Last year, pent-up M&A needs in the luxury goods space that were withheld through the recession’s dark days finally saw the light of day, as big brand names like Tommy Hilfiger exchanged hands. But Japan’s earthquake and tsunami caused investors great consternation—and for good reason; Japanese luxury goods consumers are a driving force for the industry.
As Japan slowly rebuilds while facing an ongoing crisis, dealmakers, too, are ready to pick up the pieces. Already, prognosticators are declaring the Japanese economy is on its way back. For the most part, listed luxury goods companies’ shares like LVMH, Burberry and Hermes have rebounded substantially (if not completely) from last month’s bottoming out spurred by fears stemming from the Japan quake and financial and strategic bidders are expected to clamor again for deals.
“The luxury market is hot despite what happened in Japan,” Houlihan Lokey Managing Director Elsa Berry tells peHUB. “Strategics are looking toward globalization.”
It is financial sponsors, however, that could be left out in the cold as prized potential targets’ Ebitda multiples hit the 10x range. Thanks to booming economies in emerging markets—and perhaps also because traditional markets like Europe and the U.S. could lag behind in consumer luxury spending long-term as sovereign debt issues play out—large-cap strategics are making offers financial sponsors cannot match.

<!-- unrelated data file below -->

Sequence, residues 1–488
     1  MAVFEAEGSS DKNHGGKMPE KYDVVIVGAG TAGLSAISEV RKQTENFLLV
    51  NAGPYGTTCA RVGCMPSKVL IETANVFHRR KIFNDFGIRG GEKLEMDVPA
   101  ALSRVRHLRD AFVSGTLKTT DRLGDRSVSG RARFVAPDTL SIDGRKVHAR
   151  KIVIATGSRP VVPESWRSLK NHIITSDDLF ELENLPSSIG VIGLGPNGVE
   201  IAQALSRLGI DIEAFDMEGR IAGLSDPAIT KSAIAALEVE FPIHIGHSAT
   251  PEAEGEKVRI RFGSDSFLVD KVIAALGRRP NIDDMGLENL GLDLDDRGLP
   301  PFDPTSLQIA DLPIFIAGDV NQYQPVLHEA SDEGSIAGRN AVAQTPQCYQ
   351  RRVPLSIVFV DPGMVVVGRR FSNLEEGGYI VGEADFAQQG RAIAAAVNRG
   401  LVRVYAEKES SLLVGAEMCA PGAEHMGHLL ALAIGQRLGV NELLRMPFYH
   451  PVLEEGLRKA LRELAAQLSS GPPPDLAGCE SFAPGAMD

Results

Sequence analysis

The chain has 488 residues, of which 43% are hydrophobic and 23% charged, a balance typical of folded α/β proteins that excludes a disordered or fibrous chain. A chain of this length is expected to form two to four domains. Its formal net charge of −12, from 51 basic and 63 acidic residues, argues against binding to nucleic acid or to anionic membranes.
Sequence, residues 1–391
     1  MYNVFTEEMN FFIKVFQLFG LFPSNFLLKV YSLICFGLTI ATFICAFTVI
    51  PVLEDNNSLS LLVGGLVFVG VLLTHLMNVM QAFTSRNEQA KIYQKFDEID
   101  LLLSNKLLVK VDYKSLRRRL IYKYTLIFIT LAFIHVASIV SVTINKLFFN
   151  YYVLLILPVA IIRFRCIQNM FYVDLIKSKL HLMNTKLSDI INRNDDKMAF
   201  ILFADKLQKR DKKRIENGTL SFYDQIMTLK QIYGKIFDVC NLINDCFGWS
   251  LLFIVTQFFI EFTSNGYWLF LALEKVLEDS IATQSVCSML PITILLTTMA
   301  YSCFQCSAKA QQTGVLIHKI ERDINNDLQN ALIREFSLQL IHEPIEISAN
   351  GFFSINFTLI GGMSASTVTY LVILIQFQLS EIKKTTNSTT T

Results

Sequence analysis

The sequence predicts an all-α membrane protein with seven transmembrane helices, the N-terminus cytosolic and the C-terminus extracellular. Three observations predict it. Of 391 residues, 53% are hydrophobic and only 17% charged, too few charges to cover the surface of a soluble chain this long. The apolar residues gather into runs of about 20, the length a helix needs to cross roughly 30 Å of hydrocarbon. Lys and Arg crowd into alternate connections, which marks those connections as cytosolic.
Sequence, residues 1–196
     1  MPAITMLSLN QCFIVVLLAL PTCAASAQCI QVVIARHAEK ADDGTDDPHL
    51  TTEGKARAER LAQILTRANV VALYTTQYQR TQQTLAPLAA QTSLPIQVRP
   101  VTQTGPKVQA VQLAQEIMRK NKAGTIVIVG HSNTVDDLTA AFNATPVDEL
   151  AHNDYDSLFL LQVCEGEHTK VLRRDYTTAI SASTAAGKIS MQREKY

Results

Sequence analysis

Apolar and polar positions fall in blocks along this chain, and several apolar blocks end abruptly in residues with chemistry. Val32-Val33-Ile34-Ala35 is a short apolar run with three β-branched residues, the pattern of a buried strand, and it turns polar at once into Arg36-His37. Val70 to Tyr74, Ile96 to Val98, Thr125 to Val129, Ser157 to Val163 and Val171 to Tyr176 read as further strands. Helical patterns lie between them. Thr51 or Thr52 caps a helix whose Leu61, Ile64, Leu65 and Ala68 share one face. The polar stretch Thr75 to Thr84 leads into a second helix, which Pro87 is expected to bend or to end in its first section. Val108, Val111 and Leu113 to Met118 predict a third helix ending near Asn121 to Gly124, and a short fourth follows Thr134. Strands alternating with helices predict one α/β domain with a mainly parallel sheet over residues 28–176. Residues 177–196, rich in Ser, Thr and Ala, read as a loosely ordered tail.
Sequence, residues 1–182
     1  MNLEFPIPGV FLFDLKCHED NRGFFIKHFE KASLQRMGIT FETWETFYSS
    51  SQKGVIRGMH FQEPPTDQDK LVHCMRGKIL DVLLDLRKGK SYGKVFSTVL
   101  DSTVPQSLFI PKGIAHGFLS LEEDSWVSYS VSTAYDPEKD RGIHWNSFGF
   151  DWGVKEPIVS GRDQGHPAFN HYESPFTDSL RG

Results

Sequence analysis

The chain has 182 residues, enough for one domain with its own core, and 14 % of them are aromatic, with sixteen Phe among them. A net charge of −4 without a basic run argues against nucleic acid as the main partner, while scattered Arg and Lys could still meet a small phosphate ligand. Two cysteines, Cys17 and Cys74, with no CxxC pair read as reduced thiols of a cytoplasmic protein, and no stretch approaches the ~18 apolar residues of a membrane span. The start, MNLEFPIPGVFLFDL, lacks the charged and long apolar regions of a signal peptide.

Perhaps PE buyers are eyeing opportunities in countries where affluence is spreading, and not receding. LVMH’s PE arm, L Capital, has reportedly been in extensive talks to buy a sizeable stake of Mumbai jeweler Gitanjali Group, and the investor is also reportedly in negotiations to buy into Genesis Colors, a retailer that had distribution rights in India for brands including Jimmy Choo and Canali. L Capital launched last year a $650 million fund to target deals in Asia.
It remains to be seen what private equity firms’ reaction will be to the new M&A environment. TowerBrook Capital Partners is expected to sell its stake in Jimmy Choo after more than doubling its revenue to about $230 million. And Permira and its co-investors in Hugo Boss and Valentino Fashion Group reportedly considered an outright takeover of the company (which they denied, natch) as their 2007 investment appeared to improve value over the last 12 months.
Going hostile, however, has a whole new meaning in the catty world of haute couture. Last year, LVMH began amassing a sizeable stake in Hermes; the company’s shares took a sizeable hit in the immediate wake of the Japan quake. Naturally, buyout rumors emerged, prompting Hermes CEO Patrick Thomas to make an egregiously poor choice of words as he sought to clarify his company’s desire to remain independent.